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                #8
                Originally posted by mind the gap View Post
                Actually on reflection, most landlords will probably capitalise on the increased desirability of a more energy-efficient property and pass on the cost of new boiler, double glazing and insulation, to the tenants.

                What's not to approve of?
                I doubt that LL's will bother to pass on the costs of a certificate, given that £80 a year is £1.54 per week and with regards to new boilers/windows/insulation etc., most LL's want to stay competitive and their tenants/letting agents/local authorities couldn't give a toss about a LL's costs, since, of course, all LL's are swimming with money, aren't we?.

                Yes, in the overall scheme of things, £80 or so as a one-shot deal is not any worry (its £75-150 NOW), but its just one more thing that we have to add to our growing costs and have zero to show for it.

                In addition, I seriously doubt that the disparity between properties that are allegedly energy efficient compared to those that are not will sway a tenant's decision, since there are much bigger factors that are likely to be top of a tenants list of priorities, such as;

                1. An iffy landlord
                2. Poor quality fittings/furnishings/carpets
                3. Dirty and poor internal decoration
                4. Dark interiors
                5. Poor and/or inadequately maintained appliances and services
                6. So-so or risky neighbourhoods
                7. Distance to shops/transport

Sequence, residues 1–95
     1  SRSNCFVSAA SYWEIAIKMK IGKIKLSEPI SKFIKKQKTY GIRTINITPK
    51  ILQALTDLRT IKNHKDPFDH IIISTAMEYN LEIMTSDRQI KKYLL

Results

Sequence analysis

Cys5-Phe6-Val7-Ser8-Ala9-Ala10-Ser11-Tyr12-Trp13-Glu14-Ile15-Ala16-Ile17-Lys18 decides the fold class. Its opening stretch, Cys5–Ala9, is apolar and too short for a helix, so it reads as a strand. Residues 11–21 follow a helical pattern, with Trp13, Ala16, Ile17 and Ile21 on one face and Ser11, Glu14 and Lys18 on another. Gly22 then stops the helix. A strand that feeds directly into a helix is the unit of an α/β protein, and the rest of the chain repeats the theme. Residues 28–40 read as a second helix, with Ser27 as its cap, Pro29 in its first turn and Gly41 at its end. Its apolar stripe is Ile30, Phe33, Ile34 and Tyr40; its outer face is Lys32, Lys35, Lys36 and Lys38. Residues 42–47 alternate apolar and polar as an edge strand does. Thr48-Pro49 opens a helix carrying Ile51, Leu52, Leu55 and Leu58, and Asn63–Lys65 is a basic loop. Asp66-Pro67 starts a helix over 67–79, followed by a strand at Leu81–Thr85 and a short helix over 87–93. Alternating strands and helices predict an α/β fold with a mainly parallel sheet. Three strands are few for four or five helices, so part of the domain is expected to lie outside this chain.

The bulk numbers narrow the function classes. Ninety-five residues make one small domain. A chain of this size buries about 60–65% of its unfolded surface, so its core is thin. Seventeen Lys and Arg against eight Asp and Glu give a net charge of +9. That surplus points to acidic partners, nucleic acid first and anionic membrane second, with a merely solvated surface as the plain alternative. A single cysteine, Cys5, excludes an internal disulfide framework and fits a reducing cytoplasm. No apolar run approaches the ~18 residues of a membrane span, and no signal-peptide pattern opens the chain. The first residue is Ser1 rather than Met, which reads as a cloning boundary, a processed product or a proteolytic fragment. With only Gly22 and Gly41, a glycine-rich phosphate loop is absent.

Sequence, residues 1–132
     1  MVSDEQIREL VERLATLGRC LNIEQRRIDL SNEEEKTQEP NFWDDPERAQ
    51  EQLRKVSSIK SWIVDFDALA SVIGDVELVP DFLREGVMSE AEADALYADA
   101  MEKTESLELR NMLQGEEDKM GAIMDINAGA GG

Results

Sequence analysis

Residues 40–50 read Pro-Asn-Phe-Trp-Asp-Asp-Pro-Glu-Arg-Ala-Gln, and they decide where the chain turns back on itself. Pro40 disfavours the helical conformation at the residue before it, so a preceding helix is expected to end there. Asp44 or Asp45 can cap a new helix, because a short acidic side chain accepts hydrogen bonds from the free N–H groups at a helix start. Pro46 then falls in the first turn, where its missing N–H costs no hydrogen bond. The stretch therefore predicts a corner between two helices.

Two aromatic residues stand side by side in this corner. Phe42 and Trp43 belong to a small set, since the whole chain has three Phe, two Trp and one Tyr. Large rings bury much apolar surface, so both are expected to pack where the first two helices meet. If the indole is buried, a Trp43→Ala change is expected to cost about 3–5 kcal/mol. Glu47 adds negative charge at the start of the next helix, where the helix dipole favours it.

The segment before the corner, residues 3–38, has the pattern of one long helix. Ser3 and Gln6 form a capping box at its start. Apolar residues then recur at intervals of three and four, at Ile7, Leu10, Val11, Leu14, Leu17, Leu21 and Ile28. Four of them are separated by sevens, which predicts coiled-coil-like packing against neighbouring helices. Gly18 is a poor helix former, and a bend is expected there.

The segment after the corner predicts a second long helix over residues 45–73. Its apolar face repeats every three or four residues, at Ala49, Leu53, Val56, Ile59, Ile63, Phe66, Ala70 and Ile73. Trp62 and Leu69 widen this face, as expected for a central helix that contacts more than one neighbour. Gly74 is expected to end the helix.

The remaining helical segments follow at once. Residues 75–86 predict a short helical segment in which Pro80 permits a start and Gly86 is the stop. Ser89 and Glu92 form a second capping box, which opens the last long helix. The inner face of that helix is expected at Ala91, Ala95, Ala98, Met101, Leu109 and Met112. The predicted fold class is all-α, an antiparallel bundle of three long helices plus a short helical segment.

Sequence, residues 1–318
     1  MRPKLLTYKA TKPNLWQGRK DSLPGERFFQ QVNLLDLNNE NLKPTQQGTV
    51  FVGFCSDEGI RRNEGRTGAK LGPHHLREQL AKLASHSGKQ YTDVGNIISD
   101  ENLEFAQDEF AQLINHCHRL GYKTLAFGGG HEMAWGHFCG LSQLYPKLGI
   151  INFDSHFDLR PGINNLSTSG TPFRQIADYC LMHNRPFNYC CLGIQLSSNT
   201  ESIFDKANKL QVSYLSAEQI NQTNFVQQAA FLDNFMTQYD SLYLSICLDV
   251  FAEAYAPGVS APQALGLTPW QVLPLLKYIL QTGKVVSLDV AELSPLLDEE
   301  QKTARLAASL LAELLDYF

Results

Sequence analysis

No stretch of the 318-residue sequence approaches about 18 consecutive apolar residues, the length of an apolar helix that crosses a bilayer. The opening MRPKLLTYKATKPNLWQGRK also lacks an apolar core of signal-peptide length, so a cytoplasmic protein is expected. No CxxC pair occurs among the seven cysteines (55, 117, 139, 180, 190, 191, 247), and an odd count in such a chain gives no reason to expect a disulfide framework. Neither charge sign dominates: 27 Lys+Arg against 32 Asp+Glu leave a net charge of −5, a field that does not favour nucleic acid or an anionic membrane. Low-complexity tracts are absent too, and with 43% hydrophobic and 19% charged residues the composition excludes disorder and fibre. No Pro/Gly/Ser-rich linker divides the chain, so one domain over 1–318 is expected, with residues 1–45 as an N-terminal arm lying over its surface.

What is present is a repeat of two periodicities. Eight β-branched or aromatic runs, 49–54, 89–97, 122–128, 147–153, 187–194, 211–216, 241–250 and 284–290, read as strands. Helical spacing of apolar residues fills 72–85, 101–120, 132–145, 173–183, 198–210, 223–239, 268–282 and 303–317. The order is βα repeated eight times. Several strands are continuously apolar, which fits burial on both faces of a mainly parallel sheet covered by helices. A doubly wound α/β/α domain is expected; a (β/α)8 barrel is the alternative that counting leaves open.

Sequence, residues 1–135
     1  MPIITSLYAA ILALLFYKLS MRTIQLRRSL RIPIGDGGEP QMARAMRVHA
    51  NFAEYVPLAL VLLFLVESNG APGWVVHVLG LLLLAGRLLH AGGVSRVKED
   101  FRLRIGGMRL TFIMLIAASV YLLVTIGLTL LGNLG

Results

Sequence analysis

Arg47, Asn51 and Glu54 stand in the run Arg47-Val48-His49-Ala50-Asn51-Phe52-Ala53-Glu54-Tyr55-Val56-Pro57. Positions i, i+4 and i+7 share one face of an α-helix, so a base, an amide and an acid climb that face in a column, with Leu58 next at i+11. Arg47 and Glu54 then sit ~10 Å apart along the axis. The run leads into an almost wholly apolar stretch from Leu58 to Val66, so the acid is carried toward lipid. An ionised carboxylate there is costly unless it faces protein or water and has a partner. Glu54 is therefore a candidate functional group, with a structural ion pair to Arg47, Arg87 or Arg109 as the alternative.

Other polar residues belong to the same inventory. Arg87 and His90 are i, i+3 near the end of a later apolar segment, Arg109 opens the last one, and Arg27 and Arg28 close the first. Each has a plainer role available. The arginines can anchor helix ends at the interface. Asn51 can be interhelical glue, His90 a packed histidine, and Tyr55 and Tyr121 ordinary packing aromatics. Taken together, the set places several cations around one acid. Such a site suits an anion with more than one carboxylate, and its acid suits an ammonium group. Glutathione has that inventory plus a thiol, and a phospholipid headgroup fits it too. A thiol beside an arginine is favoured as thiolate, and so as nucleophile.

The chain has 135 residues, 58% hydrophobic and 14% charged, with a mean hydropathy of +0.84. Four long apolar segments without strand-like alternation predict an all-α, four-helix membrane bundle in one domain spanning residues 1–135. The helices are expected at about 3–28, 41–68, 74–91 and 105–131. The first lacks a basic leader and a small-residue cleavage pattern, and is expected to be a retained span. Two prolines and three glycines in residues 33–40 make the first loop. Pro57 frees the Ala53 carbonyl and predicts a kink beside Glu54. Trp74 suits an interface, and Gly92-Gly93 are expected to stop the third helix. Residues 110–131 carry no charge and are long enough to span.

8. Structural property problems

                and others.

                Any of these factors affect a tenant in a much more serious way than saving £10-15 a month on the gas bill.
                If you've ever been a tenant, as I have, you will understand and appreciate the concerns.

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                  #9
                  [QUOTE=SEB;83744]Yes, in the overall scheme of things, £80 or so as a one-shot deal is not any worry (its £75-150 NOW), but its just one more thing that we have to add to our growing costs and have zero to show for it.QUOTE]

                  A bit more left of the planet?

                  No amount of whingeing will alter the fact that our current level of carbon-based energy use is unsustainable. Ostrich impersonations are unhelpful. People will read this in the archive in ten or twenty years' time with incredulity.
                  'Pause you who read this, and think for a moment of the long chain of iron or gold, of thorns or flowers, that would never have bound you, but for the formation fo the first link on one memorable day'. Charles Dickens, Great Expectations

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                    #10
                    Waste of time to everybody concerned. landlords dont want them and the tenants aren't interested.

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                      #11
                      Originally posted by red40 View Post
                      the tenants aren't interested.
                      You'd be surprised. With the gas bills these days, I certainly am. We've had to do a few things with the property we're renting to keep it sensibly warm over the winter.

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                        #12
                        Originally posted by Pelican eats pigeon View Post
                        You'd be surprised.
                        I would be very surprised, the last tenant that asked about it wanted to know if it was as good as LSD

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                          #13
                          I would like to take the time to refer you to the case of 'War - Why can't we be friends' vs 'Life's too short'

                          Lets all just get along man, why's there gotta be all this negative attitude man? Let' just all be friends and work for the common benefit of the lesser man...
                          My views and posts are based on my opinion and any advice given is just that, advice. If you decide to act on any advice given it is with the full knowledge that I am not perfect and anything I say could be wrong!